When the City Council voted unanimously to elect council member Bob Davila as mayor July 3, the most surprised person in the room may have been Davila himself.
"I was holding my breath," Davila said after the meeting.
Since his election to the council in 1982, Davila, 58, a veteran Los Angeles police officer, has been on the short end of numerous 4-1 votes, and has been involved in several public clashes with his colleagues. In taking office, Davila also survived a behind-the-scenes attempt to bypass him as mayor.
"I know they attempted to bypass me," Davila said. "That's no news to me. I knew it was in the air and I was prepared for it."
Of colleagues on the council who have opposed him in the past, Davila said, "I don't hold any animosity. Hopefully one of these days they'll accept me and my principles because I'm trying to do my best for the city of Downey.
"I can work with anybody as long as they give me half a chance and I think they've showed that they would give me that chance."
First Latino Mayor
In taking the primarily ceremonial office, Davila said he became the city's first Latino mayor. Nearly 18% of Downey's 83,000 residents are Latino.
Although City Council members publicly backed Davila as mayor in interviews after the election, it appears that in light of past disputes, Davila presides over an uneasy alliance at best.
The alliance may be sorely tested as the City Council faces several important decisions this year. Those decisions include selecting a new city manager, choosing a site for an auto mall and deciding whether to go ahead with plans to expand the city's redevelopment district.
In an interview, Davila said he planned to spend more time at City Hall than former mayors. After 28 years as an officer in the Los Angeles Police Department, Davila is now taking three months of vacation and said he is considering retiring.
He said that if he retires, he would "most likely" serve as a full-time mayor until June, 1986, when he is up for reelection. Council members are unsalaried, but receive $330 a month for expenses, with the mayor receiving an extra $60 a month.
In his stormy career on the council, the new mayor has made several enemies, but also has acquired a reputation for speaking his conscience on controversial issues, regardless of political consequences.
"I'm here to represent the silent majority because I know how they feel," Davila said.
In 1983, for example, Davila was the lone dissenter when the council voted to approve a $1-a-year, 99-year lease of city-owned Downey Community Hospital to a nonprofit foundation that runs the hospital. Davila campaigned against the lease, calling it a "giveaway," but voters ultimately approved the lease by a 3-1 margin in July, 1983.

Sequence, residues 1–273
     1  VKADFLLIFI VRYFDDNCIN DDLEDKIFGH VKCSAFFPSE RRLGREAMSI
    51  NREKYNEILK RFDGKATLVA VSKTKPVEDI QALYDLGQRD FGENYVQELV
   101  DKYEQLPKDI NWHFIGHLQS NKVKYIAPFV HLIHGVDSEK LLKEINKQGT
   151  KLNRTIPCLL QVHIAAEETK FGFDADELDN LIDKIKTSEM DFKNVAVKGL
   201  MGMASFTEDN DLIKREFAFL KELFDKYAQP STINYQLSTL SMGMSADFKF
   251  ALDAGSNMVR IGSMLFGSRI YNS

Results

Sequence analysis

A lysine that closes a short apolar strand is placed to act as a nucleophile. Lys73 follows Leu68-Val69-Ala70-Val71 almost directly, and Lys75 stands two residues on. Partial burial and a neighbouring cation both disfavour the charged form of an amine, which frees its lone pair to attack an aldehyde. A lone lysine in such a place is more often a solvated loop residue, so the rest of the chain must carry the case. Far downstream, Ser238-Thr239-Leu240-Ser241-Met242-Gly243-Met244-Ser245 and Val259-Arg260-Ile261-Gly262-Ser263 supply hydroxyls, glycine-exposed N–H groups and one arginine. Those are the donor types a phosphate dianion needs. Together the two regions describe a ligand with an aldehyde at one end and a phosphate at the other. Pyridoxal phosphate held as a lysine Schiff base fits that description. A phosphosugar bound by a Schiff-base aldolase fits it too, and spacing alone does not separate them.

Throughout his council career, Davila has consistently voted against redevelopment in Downey, saying this year that redevelopment is a way to "steal money from the taxpayers." As recently as Tuesday, he was the only council member to vote against appropriating $11,000 to study adding 629 acres to the city's 511-acre redevelopment district.
Opposed Church Sale
And in 1984, Davila was the only council member who opposed the council's decision to sell 60,000 square feet of land on Firestone Boulevard to the First Baptist Church of Downey. The church, which counted two council members among its congregation, offered the city $744,128, but another bidder offered the city $859,162.
Davila also clashed with Police Chief Bill Martin this year over a department policy of destroying police personnel records of internal investigations that are 5 or more years old. Davila said the records should not be destroyed, and said Martin was being "overprotective" of his officers, but lost a 3-2 council vote to rescind the policy.
Davila said his political career has taught him, "You can't fight City Hall. All you can do is join it and not try to be abrasive."
The new mayor said that in the past year he has attempted to improve his relationship with colleagues.
"I haven't been as critical or as outspoken as I have for the first two years, and the reason is I have a very good relationship with the two new members that came aboard last July," Davila said of council members James Santangelo and Diane Boggs.
"They (Boggs and Santangelo) at least give me a fair chance to present my case rather than have me completely isolated."
Of the two senior council members, Robert Cormack and former mayor Randy Barb, Davila said, "They just tolerate me."
Last month, according to three top city officials, Barb and Cormack separately approached Boggs and offered to support her as mayor rather than Davila, who, as mayor pro tem, was in line for the position.
Boggs declined to comment publicly, saying only, "I voted to respect the rotation system" (of selecting mayors)."
"I felt we owed each council person that opportunity" to be mayor, Boggs said.
Cormack was out of town and could not be reached for comment.
Barb said, "I don't recall a conversation or any conspiring to do anything different" than choosing Davila as mayor. He added that he voted for Davila and believes he will do a good job.
Santangelo would not comment publicly, but said Davila was a "sincere and honest individual."
"I think we should be proud that a man of his integrity is going to represent us as the mayor."
Davila, however, said he was aware of the attempt to bypass him, and said of Barb and Cormack, "I know if they could swing that third vote (to replace him as mayor), they would do it tomorrow."
But he added, "I don't want to say anything that would rock the boat. I want to see us all on the same happy ship."